Eiteljorg fellows receive a $25,000 unrestricted grant, are featured in a catalog and exhibition, and the museum purchases works of art for the permanent contemporary collection. Since its inception in 1999, the fellowship has recognized 40 contemporary native artists, totalling nearly $1,125,000 in cash awards and permanent-collection purchases.
Yuxweluptun is known for paintings, sculptures and drawings that have often confronted head-on the injustices wrought upon First Nations people in Canada. His sculpture Residential School Dirty Laundry (2013)—a large cross covered with boys’ underwear, some of it dotted in red—was recently on view at the Emily Carr University of Art and Design’s Concourse Gallery as part of “NET-ETH: Going Out of the Darkness,” an exhibition about the legacy of Canada’s residential schools. His art was also included in “Sakahàn: International Indigenous Art” at the National Gallery of Canada this summer.
McMaster, an emerging artist, has distinguished herself with photographic work in which she often performs for the camera. In her series Ancestral, for instance, she posed with late-19th-century portraits of aboriginal men and women projected onto her face. Her work is currently on view at Prefix in Toronto as part of “Trade Marks,” an exhibition that also features art by emerging indigenous artists Keesic Douglas, Nigit’stil Norbert and Bear Witness. Last year, she was one of the inaugural winners of the Charles Pachter Prize.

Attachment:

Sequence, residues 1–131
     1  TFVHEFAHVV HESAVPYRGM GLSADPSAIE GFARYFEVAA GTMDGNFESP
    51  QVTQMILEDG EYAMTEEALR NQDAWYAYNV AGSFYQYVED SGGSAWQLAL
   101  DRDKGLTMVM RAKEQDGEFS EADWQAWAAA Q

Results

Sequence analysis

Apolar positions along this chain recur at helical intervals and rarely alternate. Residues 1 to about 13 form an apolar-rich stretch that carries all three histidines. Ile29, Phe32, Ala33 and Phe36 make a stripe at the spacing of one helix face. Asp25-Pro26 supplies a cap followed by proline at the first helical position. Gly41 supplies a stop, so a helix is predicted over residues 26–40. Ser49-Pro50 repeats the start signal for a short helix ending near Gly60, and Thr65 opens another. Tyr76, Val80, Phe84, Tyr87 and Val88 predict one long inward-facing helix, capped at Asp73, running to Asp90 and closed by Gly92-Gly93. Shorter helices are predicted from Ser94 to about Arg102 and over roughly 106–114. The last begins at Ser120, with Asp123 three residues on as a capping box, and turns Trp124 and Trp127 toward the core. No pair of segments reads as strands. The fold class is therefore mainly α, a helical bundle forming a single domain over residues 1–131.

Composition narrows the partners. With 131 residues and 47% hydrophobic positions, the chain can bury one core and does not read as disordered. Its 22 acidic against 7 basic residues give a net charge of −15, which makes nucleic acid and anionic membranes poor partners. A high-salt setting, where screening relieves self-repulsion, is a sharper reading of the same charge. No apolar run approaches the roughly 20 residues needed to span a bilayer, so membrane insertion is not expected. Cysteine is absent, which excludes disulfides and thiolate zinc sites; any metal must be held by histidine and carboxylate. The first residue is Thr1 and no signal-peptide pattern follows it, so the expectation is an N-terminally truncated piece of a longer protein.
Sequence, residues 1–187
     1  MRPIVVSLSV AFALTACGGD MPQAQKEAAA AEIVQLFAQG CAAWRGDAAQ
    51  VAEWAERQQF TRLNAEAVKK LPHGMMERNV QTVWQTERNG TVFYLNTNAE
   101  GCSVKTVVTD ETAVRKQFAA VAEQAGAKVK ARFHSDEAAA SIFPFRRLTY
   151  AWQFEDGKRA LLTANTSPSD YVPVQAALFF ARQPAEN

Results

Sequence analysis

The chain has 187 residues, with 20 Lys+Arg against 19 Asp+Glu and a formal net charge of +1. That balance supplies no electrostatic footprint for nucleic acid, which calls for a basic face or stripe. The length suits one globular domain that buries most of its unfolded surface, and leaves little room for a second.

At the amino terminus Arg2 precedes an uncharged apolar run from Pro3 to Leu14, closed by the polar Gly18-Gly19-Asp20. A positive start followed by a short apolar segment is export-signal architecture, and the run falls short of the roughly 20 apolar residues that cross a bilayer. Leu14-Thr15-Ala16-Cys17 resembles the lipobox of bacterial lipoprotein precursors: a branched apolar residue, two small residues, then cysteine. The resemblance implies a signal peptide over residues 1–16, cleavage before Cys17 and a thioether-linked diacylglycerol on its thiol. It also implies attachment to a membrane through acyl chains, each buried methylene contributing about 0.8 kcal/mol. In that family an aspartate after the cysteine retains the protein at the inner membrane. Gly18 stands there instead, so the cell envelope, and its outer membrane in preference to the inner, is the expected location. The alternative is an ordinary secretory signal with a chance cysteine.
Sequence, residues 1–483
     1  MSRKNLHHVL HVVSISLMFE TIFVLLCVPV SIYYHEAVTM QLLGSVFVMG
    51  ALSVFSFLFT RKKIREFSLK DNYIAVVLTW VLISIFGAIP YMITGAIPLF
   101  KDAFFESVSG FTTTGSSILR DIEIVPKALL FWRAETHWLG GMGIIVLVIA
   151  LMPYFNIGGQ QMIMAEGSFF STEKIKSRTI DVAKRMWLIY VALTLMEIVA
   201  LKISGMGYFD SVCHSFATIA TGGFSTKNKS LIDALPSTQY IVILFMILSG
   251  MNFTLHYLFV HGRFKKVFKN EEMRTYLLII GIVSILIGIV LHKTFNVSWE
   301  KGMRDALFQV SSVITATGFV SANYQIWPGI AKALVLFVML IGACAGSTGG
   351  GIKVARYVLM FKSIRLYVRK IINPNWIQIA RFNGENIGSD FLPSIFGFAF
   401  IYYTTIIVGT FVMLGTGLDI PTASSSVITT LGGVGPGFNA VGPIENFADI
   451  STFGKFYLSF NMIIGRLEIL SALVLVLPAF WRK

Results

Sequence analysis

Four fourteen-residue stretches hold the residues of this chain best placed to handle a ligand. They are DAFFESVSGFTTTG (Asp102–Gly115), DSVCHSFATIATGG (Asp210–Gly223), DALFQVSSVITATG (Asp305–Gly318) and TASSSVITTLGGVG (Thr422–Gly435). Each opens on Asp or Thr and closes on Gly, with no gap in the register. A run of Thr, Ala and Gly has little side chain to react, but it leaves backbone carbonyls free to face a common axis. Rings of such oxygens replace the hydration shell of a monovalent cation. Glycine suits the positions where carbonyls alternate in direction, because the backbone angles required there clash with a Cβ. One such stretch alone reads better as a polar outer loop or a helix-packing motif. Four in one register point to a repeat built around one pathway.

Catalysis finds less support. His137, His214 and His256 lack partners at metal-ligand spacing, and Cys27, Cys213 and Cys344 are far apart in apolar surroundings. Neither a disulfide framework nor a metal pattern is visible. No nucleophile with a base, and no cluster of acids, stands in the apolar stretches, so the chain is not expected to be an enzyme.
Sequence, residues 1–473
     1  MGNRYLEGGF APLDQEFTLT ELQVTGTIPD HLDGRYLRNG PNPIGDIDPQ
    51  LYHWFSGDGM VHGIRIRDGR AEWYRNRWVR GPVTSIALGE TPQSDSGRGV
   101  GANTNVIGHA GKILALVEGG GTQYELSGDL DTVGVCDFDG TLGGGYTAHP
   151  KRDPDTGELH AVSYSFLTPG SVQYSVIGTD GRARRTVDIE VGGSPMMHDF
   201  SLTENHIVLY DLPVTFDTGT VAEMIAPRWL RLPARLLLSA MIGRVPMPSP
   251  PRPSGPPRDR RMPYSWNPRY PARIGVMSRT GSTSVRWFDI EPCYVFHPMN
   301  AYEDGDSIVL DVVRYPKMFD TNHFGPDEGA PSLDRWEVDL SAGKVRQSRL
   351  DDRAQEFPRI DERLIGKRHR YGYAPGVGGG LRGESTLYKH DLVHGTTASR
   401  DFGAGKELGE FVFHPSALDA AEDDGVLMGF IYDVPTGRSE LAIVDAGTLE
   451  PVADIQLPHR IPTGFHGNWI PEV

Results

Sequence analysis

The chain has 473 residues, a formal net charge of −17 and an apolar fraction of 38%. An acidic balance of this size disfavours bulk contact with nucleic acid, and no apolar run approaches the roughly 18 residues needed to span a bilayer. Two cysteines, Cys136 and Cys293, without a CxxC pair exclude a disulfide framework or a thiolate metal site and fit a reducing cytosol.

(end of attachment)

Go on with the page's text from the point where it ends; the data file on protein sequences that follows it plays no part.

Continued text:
Of the three American artists rounding out this year’s fellows, one also has a Canadian connection. Tlingit/Aleut artist Nicholas Galanin, originally from Alaska, recently wound up a stint as the University of Victoria’s inaugural Audain Professor in Contemporary Arts of the Pacific Northwest. Having been featured in “Sakahàn” and “Beat Nation: Hip-Hop as Indigenous Culture,” his work is on exhibit at UVic’s Audain Gallery from October 1 to 4.